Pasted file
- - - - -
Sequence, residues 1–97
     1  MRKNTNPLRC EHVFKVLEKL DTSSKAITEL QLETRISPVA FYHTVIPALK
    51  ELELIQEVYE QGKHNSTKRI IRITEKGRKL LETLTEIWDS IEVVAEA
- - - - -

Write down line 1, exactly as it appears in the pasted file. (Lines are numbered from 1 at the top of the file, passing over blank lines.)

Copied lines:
Sequence, residues 1–97